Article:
funding to address opioid abuse. Congress could appropriate more money at
the end of the year and is likely to face pressure to do so from states and
In addition, the president said his administration will “announce a new
policy to overcome a restrictive 1970s-era rule that prevents states from
providing care at certain treatment facilities with more than 16 beds for
those suffering from drug addiction.” This refers to the “IMD-exclusion,”
which prevents Medicaid from paying for patients at inpatient treatment
facilities with more than 16 beds. This rule is from the 1960s. However,
states can already seek Medicaid waivers that exempt the individual state’s
Medicaid program from these restrictions. In 2015, states were informed
they could use the 115 waiver to gain an exception for substance abuse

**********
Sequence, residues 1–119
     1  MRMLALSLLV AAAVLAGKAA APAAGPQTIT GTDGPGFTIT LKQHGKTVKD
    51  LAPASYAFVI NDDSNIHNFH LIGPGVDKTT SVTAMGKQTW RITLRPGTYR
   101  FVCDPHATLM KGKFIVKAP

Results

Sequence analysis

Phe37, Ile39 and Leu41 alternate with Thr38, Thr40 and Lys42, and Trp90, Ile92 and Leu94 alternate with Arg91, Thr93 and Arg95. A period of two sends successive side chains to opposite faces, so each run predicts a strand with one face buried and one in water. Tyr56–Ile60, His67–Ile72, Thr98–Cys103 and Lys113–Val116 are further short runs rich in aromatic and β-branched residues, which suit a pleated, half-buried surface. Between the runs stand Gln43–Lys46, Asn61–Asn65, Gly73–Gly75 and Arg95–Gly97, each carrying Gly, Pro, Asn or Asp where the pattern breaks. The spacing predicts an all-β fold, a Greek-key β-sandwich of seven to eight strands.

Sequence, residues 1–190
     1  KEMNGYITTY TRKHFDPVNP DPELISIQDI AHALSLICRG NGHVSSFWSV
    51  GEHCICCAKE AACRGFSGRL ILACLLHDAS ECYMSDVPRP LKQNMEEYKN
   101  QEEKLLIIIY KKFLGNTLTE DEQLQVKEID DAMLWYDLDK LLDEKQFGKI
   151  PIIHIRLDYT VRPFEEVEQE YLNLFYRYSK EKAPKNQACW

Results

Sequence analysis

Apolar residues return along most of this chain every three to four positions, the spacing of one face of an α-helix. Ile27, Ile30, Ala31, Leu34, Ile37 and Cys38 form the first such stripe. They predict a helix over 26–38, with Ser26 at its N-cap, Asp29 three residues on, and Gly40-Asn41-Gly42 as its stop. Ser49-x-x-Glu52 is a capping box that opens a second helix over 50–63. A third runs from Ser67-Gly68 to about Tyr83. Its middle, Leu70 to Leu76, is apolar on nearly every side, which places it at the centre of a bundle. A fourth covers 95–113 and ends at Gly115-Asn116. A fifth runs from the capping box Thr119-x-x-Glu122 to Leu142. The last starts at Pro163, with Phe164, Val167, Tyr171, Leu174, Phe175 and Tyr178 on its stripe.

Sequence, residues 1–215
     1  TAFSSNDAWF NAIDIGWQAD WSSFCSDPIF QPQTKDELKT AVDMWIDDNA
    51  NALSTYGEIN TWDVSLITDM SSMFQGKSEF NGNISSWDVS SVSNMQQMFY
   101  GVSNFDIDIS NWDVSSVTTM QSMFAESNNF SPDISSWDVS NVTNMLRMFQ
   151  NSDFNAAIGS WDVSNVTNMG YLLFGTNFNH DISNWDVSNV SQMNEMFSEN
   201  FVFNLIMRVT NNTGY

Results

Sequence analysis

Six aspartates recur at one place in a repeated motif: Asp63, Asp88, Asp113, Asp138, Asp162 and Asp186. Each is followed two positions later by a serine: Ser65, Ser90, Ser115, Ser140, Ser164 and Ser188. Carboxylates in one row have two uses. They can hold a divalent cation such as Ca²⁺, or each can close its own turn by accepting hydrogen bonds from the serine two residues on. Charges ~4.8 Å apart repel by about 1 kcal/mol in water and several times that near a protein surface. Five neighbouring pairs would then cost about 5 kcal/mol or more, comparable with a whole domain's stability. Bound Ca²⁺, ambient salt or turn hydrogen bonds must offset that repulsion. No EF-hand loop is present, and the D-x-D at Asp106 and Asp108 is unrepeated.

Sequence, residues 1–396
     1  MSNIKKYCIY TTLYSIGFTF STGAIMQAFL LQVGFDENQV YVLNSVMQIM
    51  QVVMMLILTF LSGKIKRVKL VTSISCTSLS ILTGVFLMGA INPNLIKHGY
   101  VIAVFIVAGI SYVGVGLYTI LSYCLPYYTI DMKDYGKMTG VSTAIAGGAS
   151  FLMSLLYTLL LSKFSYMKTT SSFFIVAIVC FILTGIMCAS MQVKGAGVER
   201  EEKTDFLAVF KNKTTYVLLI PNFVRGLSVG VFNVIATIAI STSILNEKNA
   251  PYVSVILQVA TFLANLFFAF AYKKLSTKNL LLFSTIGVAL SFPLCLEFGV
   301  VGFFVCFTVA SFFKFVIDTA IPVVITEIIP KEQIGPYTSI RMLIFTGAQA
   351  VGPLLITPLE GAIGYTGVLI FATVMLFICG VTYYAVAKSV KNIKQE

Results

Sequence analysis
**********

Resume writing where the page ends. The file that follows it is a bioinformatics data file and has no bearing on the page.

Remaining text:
treatment. Five states have already received waivers: California, Maryland,
Massachusetts, Virginia and West Virginia. Four other states are waiting
for approval. It is unclear if the president plans to change the current
regulatory process or propose a repeal of the IMD rule, which would require
Iowa Drops 1332 Waiver Request
Iowa was seeking a Section 1332 waiver in order to overhaul the state’s
troubled Affordable Care Act insurance market with just a week left before
the start of open enrollment. The director of the Iowa Insurance Division
said that the waiver was ultimately proven to be unworkable. The Iowa
Insurance Division estimates that 25 percent of the entire individual
market will drop coverage due to premium increases.
That means Medica will be the only insurer offering plans on the state’s
exchange market, with its rates expected to rise an average of more than 50
Iowa’s waiver would have created an entirely new subsidy structure and a